London and North Western Railway
The London and North Western Railway ( LNWR ) was a British railway company that existed from 1846 to 1922 . It emerged from the merger of the three companies Grand Junction Railway , London and Birmingham Railway and Manchester and Birmingham Railway and also took over the Lancaster and Carlisle Railway . The length of the route network was 4293 km in the last year of operation.
It was also called Premier Line (first line), even if numerous other companies claimed this title for themselves. The name goes back to the Liverpool and Manchester Railway , the world's first railway company with passenger services, which later became the Grand Junction Railway.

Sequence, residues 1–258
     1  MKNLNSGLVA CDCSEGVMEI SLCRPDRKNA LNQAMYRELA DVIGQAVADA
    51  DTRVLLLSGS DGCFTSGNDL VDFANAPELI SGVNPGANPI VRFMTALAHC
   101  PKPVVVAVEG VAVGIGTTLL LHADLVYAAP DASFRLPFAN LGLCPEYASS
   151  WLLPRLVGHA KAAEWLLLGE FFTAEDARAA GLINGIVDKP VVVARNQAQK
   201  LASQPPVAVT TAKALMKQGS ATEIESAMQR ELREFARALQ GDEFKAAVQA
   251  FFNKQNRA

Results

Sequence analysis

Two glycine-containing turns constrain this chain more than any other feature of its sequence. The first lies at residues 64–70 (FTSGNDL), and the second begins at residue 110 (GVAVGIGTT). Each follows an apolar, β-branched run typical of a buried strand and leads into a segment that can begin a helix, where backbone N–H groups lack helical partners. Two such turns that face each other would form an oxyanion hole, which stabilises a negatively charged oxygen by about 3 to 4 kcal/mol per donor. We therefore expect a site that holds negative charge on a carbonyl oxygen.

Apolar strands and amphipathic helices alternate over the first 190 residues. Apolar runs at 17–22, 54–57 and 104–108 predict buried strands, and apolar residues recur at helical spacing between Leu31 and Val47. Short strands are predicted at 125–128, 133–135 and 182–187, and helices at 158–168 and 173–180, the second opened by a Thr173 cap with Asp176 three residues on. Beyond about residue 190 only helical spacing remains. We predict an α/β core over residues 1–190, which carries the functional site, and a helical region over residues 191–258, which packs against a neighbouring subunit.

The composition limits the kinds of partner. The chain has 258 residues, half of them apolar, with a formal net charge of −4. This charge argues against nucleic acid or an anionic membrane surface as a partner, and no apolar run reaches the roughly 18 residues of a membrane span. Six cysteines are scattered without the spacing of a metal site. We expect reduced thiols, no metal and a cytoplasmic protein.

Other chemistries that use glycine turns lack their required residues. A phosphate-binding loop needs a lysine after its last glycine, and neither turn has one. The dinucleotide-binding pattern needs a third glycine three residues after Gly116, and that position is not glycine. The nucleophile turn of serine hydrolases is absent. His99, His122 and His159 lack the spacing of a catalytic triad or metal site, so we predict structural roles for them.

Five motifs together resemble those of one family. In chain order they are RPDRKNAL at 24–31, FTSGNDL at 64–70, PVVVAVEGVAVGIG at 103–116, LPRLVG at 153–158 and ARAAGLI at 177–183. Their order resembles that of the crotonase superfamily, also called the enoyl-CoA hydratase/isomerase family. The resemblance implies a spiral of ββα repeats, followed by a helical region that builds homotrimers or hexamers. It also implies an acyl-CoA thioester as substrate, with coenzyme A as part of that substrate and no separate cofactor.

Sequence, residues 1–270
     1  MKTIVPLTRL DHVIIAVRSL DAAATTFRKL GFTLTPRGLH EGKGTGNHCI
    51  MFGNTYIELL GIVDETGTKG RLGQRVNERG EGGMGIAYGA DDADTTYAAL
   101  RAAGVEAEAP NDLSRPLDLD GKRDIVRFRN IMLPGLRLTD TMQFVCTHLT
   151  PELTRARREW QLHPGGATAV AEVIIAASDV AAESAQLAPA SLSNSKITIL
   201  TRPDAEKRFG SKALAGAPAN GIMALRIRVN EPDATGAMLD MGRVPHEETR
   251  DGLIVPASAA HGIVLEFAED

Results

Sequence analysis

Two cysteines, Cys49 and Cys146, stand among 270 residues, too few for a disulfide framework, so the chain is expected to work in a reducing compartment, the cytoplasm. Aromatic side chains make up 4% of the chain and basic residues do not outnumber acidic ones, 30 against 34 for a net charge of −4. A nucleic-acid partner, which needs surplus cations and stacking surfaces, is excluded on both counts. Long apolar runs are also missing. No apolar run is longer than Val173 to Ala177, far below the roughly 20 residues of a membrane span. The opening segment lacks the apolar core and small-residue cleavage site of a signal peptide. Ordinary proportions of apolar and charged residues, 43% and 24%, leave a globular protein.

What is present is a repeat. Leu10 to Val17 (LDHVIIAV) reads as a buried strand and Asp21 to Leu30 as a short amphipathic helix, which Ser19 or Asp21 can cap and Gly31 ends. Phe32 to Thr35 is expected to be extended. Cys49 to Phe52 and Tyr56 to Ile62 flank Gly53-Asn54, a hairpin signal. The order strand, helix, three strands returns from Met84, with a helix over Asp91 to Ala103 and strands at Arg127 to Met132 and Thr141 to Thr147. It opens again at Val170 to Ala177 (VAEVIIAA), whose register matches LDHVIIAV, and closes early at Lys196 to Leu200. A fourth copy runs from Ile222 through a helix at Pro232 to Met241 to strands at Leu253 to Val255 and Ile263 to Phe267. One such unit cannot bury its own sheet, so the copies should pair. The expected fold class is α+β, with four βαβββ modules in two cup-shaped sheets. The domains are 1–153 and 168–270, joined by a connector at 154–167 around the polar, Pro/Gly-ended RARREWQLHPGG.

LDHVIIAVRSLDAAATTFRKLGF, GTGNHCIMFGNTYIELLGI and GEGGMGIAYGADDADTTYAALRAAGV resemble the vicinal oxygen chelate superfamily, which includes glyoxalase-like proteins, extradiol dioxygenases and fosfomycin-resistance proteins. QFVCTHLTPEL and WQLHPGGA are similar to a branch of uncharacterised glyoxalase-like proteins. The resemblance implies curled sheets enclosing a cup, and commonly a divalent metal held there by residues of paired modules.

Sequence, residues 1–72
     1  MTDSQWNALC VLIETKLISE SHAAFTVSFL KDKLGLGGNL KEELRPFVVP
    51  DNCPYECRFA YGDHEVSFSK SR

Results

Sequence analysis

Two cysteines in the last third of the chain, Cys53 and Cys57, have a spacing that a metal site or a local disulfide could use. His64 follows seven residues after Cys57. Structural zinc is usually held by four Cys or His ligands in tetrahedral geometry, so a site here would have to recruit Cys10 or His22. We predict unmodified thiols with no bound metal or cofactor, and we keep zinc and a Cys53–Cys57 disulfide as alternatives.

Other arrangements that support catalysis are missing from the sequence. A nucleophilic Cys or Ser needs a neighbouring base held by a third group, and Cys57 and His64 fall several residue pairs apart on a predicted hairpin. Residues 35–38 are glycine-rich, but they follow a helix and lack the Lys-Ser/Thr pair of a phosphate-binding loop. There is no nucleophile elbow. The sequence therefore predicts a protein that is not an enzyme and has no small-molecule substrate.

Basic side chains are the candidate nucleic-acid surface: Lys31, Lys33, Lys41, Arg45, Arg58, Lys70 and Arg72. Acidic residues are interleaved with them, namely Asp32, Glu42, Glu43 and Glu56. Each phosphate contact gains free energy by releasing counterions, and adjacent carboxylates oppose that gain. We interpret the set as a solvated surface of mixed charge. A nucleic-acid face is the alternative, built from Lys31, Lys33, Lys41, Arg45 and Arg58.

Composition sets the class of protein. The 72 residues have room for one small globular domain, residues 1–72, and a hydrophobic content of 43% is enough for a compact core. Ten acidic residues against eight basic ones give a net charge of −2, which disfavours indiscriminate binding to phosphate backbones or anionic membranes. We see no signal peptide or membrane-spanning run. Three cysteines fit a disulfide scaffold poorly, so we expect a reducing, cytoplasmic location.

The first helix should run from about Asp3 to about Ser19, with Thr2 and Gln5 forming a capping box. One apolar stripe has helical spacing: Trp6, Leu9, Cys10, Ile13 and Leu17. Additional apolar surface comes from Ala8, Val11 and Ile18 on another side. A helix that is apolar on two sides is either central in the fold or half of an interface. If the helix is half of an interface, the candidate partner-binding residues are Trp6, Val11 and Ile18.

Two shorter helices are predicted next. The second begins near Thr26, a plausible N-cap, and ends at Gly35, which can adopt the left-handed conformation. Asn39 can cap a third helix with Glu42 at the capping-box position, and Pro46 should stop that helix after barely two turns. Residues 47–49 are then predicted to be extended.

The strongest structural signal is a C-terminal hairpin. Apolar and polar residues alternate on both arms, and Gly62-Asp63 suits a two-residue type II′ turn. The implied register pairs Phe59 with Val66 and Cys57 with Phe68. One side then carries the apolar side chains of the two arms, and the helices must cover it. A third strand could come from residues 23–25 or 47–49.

As the largest public company in the UK, the LNWR was more profitable than any other rail company in the country. It opened up some of the largest cities along the West Coast Main Line : Birmingham , Leeds , Liverpool , London , Manchester and, through cooperation with the Caledonian Railway , Edinburgh and Glasgow . The route network also extended into Wales and led to Holyhead , Swansea and Newport , among others .
On January 1, 1922, it merged with the Lancashire and Yorkshire Railway . With the entry into force of the Railways Act 1921 , the LNWR became part of the London, Midland and Scottish Railway (LMS) on January 1, 1923 . The main workshops of the LNWR were in Crewe (locomotives) and Wolverton (wagons).